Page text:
Chapter 4 Network Layer

Chapter 4
Network Layer
Computer Networking
A Top-Down Approach
These slides are based on the slides
made available by Kurose and Ross.
© All material copyright 1996-2012
J.F Kurose and K.W. Ross, All Rights Reserved
6th edition
Jim Kurose, Keith Ross
Addison-Wesley
March 2012
Network Layer
4-1
Chapter 4: Network Layer
 4.1 Introduction
 4.2 Virtual circuit and
datagram networks
 4.3 What’s inside a
router
 4.4 IP: Internet Protocol




Datagram format
IPv4 addressing
ICMP
IPv6
 4.5 Routing algorithms
 Link state
 Distance Vector
 Hierarchical routing
 4.6 Routing in the
Internet



RIP
OSPF
BGP
 4.7 Broadcast and
multicast routing
Network Layer
4-2
Network Layer Functions
 network layer protocol in
every host and router
Consider transporting a
segment from sender to receiver
 sending side: encapsulates
segments into datagrams
 receiving side: delivers
segments to transport layer
application
transport
network
data link
physical
network
data link
physical
network
data link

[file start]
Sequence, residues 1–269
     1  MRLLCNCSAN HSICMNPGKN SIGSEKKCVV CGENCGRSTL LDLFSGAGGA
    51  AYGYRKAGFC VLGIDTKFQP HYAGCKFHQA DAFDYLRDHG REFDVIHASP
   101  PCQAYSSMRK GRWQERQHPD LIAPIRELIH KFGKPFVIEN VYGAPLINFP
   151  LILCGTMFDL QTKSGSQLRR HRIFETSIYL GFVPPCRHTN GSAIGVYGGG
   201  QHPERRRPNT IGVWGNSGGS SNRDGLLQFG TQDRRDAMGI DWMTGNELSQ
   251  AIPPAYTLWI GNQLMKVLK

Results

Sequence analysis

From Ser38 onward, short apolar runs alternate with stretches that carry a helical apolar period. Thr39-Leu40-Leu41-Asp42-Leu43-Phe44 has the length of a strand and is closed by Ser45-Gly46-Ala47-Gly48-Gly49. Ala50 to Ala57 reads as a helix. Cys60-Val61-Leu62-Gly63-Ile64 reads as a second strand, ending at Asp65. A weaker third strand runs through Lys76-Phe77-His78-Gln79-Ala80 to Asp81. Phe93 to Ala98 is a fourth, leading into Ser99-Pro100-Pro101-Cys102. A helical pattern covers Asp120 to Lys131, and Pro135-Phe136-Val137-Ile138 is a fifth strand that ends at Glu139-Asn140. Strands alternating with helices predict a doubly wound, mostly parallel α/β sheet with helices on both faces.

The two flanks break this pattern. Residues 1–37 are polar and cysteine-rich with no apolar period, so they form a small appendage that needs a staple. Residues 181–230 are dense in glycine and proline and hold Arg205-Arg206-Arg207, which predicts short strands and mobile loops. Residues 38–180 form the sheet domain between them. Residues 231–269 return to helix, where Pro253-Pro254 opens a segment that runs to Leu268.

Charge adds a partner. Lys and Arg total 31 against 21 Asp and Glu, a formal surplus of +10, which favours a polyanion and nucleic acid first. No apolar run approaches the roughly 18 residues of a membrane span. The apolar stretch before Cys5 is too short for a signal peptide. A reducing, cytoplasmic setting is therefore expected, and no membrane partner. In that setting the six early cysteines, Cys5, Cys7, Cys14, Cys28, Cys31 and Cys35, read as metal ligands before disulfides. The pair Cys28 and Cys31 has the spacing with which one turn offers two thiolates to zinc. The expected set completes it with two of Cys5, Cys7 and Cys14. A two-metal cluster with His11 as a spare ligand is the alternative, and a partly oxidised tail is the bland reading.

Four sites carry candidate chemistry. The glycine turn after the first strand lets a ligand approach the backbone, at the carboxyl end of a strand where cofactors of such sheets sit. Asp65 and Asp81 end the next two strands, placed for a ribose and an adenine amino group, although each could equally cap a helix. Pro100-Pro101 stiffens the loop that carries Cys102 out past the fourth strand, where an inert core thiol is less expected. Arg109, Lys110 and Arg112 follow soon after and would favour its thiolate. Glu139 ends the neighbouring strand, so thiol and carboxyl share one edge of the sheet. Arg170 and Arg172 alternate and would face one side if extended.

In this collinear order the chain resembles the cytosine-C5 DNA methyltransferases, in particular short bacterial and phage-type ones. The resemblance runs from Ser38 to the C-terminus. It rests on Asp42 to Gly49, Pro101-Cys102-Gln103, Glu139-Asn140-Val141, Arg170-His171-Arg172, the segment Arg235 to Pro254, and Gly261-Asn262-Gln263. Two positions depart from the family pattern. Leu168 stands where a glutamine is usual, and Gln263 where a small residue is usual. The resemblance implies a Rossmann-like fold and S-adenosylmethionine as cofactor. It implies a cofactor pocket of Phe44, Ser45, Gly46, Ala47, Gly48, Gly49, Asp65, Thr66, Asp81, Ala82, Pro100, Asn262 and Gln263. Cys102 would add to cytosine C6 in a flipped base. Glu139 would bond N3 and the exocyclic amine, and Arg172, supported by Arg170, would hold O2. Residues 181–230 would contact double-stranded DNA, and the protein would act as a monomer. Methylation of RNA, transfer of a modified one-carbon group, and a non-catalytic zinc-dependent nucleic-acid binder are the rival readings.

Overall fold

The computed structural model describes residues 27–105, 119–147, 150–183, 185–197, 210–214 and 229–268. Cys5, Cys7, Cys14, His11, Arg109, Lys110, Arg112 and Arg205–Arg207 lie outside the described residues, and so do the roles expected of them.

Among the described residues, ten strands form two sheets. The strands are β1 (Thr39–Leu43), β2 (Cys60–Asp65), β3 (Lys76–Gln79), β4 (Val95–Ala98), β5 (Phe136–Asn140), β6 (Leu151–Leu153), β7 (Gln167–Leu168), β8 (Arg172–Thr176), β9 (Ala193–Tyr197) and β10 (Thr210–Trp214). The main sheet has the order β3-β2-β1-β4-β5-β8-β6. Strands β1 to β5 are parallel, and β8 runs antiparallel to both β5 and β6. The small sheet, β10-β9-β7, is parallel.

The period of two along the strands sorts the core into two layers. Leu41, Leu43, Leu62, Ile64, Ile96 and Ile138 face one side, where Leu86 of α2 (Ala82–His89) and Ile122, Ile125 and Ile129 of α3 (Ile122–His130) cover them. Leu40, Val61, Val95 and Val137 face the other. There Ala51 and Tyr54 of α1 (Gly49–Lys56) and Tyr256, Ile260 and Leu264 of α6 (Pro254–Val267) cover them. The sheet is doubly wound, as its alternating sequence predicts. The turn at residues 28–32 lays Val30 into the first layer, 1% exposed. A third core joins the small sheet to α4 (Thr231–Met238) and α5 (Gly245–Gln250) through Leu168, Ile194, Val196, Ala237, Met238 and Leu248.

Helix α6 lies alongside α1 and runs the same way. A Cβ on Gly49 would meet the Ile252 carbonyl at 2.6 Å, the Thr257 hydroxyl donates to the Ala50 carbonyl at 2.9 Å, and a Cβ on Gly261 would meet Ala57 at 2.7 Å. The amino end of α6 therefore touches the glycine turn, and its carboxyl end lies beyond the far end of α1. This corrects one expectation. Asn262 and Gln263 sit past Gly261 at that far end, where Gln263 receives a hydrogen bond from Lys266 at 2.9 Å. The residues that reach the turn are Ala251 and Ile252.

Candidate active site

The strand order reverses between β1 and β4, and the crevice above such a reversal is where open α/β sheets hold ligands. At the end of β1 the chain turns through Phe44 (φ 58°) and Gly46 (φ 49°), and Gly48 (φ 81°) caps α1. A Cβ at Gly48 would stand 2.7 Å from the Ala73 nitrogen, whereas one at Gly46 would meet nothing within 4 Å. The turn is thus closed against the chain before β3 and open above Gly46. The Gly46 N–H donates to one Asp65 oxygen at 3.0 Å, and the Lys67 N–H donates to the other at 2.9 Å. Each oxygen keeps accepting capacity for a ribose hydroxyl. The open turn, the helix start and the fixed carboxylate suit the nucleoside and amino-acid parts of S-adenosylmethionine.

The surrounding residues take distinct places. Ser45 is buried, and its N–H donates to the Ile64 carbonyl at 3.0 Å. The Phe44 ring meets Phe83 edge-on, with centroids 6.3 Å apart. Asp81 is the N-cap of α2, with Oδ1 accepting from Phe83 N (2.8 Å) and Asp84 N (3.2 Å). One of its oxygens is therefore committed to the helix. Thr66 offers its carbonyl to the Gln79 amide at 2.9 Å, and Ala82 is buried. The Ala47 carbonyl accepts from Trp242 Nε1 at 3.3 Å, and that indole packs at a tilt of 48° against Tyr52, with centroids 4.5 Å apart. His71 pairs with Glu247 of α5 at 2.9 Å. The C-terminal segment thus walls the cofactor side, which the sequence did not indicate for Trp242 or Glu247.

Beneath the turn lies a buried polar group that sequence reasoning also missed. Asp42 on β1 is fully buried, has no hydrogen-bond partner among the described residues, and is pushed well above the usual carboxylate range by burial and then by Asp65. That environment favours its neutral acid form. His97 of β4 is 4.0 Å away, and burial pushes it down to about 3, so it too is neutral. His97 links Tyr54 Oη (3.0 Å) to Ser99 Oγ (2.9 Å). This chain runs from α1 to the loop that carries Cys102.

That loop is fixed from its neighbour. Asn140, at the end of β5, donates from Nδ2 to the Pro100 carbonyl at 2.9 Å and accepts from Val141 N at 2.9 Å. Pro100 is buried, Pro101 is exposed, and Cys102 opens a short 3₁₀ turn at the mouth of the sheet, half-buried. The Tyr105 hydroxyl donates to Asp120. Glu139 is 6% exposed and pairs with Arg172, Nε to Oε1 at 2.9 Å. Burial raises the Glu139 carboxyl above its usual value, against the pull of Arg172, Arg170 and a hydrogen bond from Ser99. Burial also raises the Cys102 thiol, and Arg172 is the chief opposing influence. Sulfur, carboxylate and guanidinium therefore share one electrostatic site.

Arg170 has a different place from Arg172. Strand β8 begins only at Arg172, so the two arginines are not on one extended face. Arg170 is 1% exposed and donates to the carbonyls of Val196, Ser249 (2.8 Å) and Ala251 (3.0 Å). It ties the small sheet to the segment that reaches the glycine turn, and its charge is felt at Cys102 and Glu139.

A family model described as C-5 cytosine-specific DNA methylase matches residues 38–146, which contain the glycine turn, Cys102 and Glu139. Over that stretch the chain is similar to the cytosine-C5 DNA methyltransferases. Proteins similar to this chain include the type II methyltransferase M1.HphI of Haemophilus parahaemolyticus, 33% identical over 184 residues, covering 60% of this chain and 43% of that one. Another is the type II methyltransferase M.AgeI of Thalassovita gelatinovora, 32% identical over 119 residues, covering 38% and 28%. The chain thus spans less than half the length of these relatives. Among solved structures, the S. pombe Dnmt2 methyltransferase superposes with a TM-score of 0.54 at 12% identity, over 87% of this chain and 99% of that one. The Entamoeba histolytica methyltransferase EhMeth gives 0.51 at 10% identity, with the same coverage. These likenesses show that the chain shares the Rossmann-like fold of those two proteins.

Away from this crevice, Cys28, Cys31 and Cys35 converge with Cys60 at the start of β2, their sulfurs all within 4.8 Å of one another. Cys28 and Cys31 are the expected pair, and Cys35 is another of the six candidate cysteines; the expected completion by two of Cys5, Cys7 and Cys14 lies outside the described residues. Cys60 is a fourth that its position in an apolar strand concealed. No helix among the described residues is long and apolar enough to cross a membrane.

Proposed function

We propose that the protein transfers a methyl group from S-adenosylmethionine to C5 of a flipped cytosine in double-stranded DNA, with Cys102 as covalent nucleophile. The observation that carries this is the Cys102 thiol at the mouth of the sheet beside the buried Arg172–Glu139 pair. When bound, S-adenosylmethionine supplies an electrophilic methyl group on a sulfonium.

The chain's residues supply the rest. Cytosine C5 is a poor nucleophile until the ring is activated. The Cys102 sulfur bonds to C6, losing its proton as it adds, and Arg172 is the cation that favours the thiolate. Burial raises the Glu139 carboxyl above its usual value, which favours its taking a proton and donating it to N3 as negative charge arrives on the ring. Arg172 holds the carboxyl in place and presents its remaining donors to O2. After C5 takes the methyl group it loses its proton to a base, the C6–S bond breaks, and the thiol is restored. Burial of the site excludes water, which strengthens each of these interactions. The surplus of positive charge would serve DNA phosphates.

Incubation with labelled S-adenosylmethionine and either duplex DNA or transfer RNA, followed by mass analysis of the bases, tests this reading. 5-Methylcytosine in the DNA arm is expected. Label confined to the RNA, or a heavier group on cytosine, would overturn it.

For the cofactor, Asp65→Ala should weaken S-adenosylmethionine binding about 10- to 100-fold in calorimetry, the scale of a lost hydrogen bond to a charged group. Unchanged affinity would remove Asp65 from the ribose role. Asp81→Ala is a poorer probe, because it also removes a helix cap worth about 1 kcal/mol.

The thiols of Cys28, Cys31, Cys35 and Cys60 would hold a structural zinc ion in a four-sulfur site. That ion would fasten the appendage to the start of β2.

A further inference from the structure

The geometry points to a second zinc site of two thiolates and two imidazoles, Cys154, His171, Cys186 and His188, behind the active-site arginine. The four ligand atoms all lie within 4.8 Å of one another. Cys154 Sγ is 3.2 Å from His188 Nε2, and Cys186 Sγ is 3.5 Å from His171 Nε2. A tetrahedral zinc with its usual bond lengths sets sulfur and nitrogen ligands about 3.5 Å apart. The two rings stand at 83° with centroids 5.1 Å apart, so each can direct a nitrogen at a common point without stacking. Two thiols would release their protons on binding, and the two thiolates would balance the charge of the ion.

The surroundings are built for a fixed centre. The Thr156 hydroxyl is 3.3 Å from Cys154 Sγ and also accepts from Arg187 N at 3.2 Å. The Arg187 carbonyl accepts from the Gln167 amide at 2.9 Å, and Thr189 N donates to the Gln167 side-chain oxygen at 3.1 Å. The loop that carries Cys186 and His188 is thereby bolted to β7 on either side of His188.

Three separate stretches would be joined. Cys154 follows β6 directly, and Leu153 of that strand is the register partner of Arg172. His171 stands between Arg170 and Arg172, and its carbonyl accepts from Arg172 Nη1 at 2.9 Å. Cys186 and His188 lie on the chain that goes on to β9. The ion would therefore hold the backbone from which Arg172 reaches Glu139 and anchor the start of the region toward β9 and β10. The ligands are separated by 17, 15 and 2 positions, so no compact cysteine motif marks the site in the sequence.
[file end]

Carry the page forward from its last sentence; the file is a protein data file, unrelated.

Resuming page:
physical
network
data link
physical
network
data link
physical
network
network
data link
data link
physical
physical
network
data link
physical
 Path Determination: sum of
routes chosen by routers to
deliver packets from source to
destination.
 Forwarding: move packets from
router’s input to appropriate
router’s output
network
data link
physical
network
data link
physical
network
data link
physical
network
data link
physical
Network Layer
application
transport
network
data link
physical
4-3
Routing and Forwarding
routing algorithm determines
path through network
routing algorithm
forwarding table determines
local forwarding at this router
local forwarding table
header value output link
0100
0101
0111
1001
3
2
2
1
value in arriving
packet’s header
0111
1
3 2
router examines header
fields in all datagrams
passing through it
Network Layer
4-4
Chapter 4: Network Layer
 4.1 Introduction
 4.2 Virtual circuit and
datagram networks
 4.3 What’s inside a
router
 4.4 IP: Internet Protocol




Datagram format
IPv4 addressing
ICMP
IPv6
 4.5 Routing algorithms
 Link state
 Distance Vector
 Hierarchical routing
 4.6 Routing in the
Internet



RIP
OSPF
BGP
 4.7 Broadcast and
multicast routing
Network Layer
4-5
Network Service Model
What service model can be considered for a
network transporting packets from sender to
receiver?
example services for
individual datagrams:
example services for a
flow of packets:
 “best effort” delivery
 in-order delivery
 No constraints on delay or
 guaranteed minimum
bandwidth
bandwidth to flow
 restrictions on changes
in inter-packet timespacing
Network Layer
4-6
Connection-oriented & connectionless